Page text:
Picks and Pans Review: Whisper Tames the Lion

updated 05/30/1988 AT 01:00 AM EDT

originally published 05/30/1988 AT 01:00 AM EDT

drivin' n' cryin'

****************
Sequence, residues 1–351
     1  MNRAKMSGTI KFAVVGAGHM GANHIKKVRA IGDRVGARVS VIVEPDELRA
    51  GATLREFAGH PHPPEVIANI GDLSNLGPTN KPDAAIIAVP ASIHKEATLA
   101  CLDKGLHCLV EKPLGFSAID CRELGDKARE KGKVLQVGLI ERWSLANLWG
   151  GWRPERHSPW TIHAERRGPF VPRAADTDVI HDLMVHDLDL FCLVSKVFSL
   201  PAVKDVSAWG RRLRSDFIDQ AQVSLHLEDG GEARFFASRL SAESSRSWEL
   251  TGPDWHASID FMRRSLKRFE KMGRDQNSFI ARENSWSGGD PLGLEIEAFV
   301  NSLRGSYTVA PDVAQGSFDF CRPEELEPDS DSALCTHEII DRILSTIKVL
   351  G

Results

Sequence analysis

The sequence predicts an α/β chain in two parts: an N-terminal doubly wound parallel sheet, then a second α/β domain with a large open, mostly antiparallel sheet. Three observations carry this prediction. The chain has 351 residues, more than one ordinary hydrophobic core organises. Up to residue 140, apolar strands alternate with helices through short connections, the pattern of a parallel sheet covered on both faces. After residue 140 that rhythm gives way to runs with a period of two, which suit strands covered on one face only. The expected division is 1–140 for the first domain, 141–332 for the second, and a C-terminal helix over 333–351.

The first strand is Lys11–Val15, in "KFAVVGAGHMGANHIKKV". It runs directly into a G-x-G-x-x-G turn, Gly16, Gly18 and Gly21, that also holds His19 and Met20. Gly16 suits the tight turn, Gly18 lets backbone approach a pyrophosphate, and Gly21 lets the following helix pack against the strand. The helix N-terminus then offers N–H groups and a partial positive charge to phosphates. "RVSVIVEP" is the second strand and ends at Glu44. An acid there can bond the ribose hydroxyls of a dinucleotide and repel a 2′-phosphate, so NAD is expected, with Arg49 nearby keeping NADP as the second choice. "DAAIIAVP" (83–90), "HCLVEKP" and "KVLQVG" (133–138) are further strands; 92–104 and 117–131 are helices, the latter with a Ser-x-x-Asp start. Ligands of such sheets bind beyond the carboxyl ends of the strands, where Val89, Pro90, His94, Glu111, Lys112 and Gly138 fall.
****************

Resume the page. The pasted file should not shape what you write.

Georgia is fast becoming the roots-rock capital of the world, and the Peach State has spawned yet another band steeped in that country-flavored subcategory with this Atlanta-based outfit. It's not a revelation to discover that the group's three members—guitarist-vocalist Kevn Kinney, bass player Tim Nielsen and drummer Jeff Sullivan—are chummy with their fellow members of the Georgia pop music community, R.E.M. and the Georgia Satellites. They all share a similar fundamental appreciation for uncomplicated arrangements that still carry a lot of firepower, but Kinney and company take an even keener interest in their lyrics. So if some of the 12 songs on this album sound suspiciously like R.E.M. or the Satellites, the words show an attempt at least to be more thoughtful. Check Your Tears at the Door, for example, is a touching song about death. It admonishes those who grieve to resume living their own lives quickly because "someday you'll be here/ So I'll just wait/ Like they waited for me/ Then we'll sing, dance, talk and cheer." Okay, so they aren't a bunch of Walt Whitmans. Consider the sort of material that pops up too often in this kind of rock, and this band is on the refreshing side. There are a number of dramatic shifts in style from song to song, like the abrupt change from the country feel of Catch the Wind With its friendly pedal steel guitar to the chugging power chords of Powerhouse. Kinney's vocal inflections are comparable to those of R.E.M.'s Michael Stipe, however unconscious the similarity might be. There's plenty to like though. The record is divided into the "drivin' side" and the "cryin' side," and when all is said and sung on this pleasing major-label debut, it should leave most listeners smilin'. (Island)

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